Luckily, I'm banged-up but OK, and my bike can be repaired, so things went well, considering. Still, it strikes me that this was a completely avoidable accident.

Despite screaming in rage and frustration at the time, I hold nothing personally against the person who decided that there was plenty of time to leave that stop sign with me so close. But I have to question: Why? Why did the person pull out in front of me when I was going that fast, and was that close?

I have to assume that if I had been in a car, and was going that fast, and was that close, they would have remained at the stop sign. Therefore, I make the logical leap that it was because I was on a bicycle that they decided to pull out in front of me.

Bicycles are not toys. All too often we will see a person on a bicycle and assume their speed is "slow" or their intention is "leisurely ride." If we, all of us, assumed bicycle riders to be "moving fast" and "on a vehicle," we would not be so quick to make assumptions about how quickly they can end up in a tangle in front of our car.

As the weather warms, there will be more bikes on the roads. Let's all take a minute to remember that road bikes are not toys, that they are often moving fast - very often as fast as a car.

Let's try to make my fall today the last one of the year. If no one else gets into a car/bike accident all year, I'll consider today's awful experience totally worth it.

John Metta

Hood River

Utopia? Not so much

Speaker of the House John Boehner told an audience at the Conservative Political Action Conference that living in the United States would be like living in Utopia if Republican policies were implemented.

He said that in this perfect world run by the Republican Party the following would take place: The deficit would drop. Our entitlement programs (Social Security and Medicare) would be saved. Gas prices would fall. ObamaCare would be repealed and replaced with market-based reforms that protect "the greatest healthcare system in the world." And there would be no boards of bureaucrats telling employers where they can and can't create jobs.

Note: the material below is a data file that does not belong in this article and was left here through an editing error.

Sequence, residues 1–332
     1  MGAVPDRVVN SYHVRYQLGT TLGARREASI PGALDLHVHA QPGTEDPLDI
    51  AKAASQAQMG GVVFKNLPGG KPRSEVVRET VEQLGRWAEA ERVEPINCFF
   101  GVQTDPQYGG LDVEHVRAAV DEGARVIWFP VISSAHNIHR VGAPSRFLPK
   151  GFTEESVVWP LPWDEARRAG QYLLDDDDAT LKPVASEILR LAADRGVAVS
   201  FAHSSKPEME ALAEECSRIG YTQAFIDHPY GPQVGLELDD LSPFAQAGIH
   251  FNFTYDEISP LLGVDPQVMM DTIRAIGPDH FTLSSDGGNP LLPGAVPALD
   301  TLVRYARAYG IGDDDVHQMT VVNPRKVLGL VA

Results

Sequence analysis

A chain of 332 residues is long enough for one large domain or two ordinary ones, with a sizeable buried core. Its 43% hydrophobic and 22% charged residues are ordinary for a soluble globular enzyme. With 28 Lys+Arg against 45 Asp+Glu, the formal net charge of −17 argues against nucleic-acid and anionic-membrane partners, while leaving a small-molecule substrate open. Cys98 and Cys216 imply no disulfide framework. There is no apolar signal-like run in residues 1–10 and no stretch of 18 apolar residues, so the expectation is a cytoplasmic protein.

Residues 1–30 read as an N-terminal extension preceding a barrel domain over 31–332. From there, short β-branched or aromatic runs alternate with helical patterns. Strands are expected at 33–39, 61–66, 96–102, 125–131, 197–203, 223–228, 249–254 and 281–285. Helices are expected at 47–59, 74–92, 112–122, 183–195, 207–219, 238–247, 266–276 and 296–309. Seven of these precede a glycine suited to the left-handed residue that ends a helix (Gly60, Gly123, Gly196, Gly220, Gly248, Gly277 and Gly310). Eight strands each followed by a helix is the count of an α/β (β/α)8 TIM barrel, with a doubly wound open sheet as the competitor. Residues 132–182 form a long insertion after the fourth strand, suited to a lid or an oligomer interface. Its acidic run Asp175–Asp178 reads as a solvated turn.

All this would take place, Boehner says, because Washington would operate on Paul Ryan's budget and the Keystone pipeline would be built, which he says, would lower gas prices.

Sounds great until you read the small print.

The Republicans would cut the deficit not by raising taxes (that's a no-no) but by cutting funding for things like education, Medicaid, food stamps and unemployment. Subsidies to big farmers, big corporations and billions for "defense" would continue.

How would they save Social Security and Medicare? By eliminating payroll taxes that support it, and allowing individuals to put aside their own savings. They, of course, are not concerned with workers paying the tax. Their goal is to save corporations from paying their share. And they don't care that many workers don't even earn enough to buy basic necessities, much less health care. And paying for future retirement would only be possible for the wealthy.

In short, under the Republican plan, Social Security and Medicare, as we know it, would no longer exist.

On what does Mr. Boehner base his assertion that ours is the greatest health care system in the world? Many reputable studies show this is far from the case.

And what does he mean by "market-based reforms" that would replace OBamaCare? Since when has the market pursued anything other than profit?

And does he mean that under Republicans there would be no regulations - no czars or boards of bureaucrats - to hamper their pursuit of profits?

And if the dirty Keystone pipe line is allowed, where is the guarantee that gas prices would drop?

Yes, I can see why it would be Utopia for the 1 percent. And to people like Mr. Boehner, the rest of us do not matter.

Anne Vance

Hood River

See 'Private Eyes'

If you didn't yet see "Private Eyes" at CAST Theatre in Hood River, be sure to get there next weekend. It's one of the best shows I've ever seen there. Funny, surprising, mysterious and extremely well-acted and directed. Not to be missed.

Info and tickets at www.columbiaarts.org/theatre/2012/02/PrivateEyes.html

Tina Castañares